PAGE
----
Sunday, June 23, 2013

Gag Charts

Here's a handout I used in a recent class in cartooning: one way to generate ideas for single-panel gag cartoons is to jumble a person from the first column with a place from the second column together with a prop from the third column. The first page here is adopted from a page in Mischa Ricter and Harald Bakken's 1992 "The Cartoonist's Muse" which is one of the exceptionally few books on the market that addresses the specific topic of content i.e. coming up with jokes, which is crucial component of a career in cartooning. This as opposed to the usual "how to draw" stuff that the majority of cartooning/comic art manuals devote themselves to (another being Robert Mankoff's "The Naked Cartoonist").

Used in conjunction with "Def Gag" exercize and Cartoon Jams, this is a great as a way to roll off the rough edges on the "square wheel,"  get the creative juices flowing, and "bypass the bologna" by circumventing the inner critic through timed rounds of captioning and cartooning.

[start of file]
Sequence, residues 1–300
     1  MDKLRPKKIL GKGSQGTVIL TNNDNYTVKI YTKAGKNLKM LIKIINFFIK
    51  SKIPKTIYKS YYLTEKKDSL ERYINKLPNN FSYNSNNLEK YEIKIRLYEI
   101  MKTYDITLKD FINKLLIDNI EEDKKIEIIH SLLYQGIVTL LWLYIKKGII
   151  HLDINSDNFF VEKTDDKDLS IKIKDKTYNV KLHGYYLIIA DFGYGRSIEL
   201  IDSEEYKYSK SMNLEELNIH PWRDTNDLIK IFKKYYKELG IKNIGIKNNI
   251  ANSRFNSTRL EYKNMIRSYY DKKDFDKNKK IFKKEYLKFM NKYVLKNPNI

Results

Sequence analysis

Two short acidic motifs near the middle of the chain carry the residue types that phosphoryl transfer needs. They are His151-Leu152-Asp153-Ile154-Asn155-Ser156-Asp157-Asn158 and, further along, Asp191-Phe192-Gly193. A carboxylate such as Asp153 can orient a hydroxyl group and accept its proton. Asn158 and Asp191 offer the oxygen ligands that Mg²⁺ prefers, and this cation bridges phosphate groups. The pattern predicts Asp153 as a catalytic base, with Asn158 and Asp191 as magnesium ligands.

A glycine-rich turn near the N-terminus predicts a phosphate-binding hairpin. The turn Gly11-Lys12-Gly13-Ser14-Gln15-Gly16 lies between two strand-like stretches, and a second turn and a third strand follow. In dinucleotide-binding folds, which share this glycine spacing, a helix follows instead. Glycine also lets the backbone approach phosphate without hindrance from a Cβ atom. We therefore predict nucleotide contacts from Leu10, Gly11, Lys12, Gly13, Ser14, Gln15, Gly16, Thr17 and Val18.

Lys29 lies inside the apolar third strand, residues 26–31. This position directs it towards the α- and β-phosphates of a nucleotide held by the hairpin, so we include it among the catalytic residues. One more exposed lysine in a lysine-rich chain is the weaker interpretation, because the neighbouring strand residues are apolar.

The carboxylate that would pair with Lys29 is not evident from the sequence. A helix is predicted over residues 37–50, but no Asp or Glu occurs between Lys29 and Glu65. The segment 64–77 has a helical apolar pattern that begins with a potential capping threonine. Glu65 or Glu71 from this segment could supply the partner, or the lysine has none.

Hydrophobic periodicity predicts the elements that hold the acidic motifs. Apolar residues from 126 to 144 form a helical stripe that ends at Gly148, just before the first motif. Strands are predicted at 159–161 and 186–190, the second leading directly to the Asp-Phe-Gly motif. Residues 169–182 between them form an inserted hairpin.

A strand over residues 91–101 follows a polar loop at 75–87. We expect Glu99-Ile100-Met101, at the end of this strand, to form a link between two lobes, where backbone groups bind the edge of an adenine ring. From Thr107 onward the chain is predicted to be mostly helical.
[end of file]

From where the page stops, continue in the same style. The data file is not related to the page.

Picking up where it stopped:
Here's a sample customized for the Alaskan market (I have a similar one for Maine also):

One isn't necessarily limited to mixing between three columns: oftentimes just two will do, or four or more can be fun. The principle use is to prompt an ever-widening series of non-sequiturs, like playing with a Jacobs Ladder of ideas. The fun really starts when you start to shuffle between both lists...


  1. These charts look like good tools for coming up with ideas in general. The most interesting stories, to me, come from trying to make music out the discord created when combining non sequiturs.

  2. Thanks David: love it when the mental Jacob's Ladder of ideas begin to cascade and all those connections are made.

  3. What's really good is when you finally become so twisted that you generate weirdness without even thinking about it.

  4. I usually still have to think about it,which is sometimes mistaken for spacing out and staring off into inner space (("I'm WORKING"): the creative Jacob's Ladder of connections makes for some spontaneous outbursts of laughter, which is what generates weirdness... at least from other people's perspective. Particularly out in public like at the library, a cafe or bar.

    1. True. I haven't achieved full enweirdenment myself. But even the willingness to seek it puts you farther down the path. Perhaps it's only the path to the asylum.

  5. "Enweidenment" - love it.
    And speaking of paths...

    “Two roads diverged in a wood, and I--
    I took the one less traveled by, “
    ... which turns out wasn’t a road at all
    I just kinda went wandering around the forest.